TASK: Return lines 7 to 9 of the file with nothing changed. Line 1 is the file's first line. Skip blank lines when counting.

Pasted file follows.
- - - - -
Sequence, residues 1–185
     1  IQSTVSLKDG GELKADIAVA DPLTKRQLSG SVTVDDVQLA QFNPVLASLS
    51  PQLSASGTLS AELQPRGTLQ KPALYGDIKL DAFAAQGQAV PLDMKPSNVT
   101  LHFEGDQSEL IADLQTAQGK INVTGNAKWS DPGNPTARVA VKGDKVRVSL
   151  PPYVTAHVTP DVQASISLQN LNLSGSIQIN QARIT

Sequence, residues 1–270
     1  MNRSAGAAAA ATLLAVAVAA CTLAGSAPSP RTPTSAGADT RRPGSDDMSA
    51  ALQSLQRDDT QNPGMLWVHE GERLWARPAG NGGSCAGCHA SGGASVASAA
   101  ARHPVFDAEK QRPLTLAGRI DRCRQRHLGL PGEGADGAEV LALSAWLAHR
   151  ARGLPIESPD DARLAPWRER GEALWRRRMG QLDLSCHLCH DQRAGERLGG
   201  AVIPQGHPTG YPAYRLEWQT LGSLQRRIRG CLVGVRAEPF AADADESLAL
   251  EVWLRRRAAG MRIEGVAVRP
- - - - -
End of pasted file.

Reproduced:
     1  MNRSAGAAAA ATLLAVAVAA CTLAGSAPSP RTPTSAGADT RRPGSDDMSA
    51  ALQSLQRDDT QNPGMLWVHE GERLWARPAG NGGSCAGCHA SGGASVASAA
   101  ARHPVFDAEK QRPLTLAGRI DRCRQRHLGL PGEGADGAEV LALSAWLAHR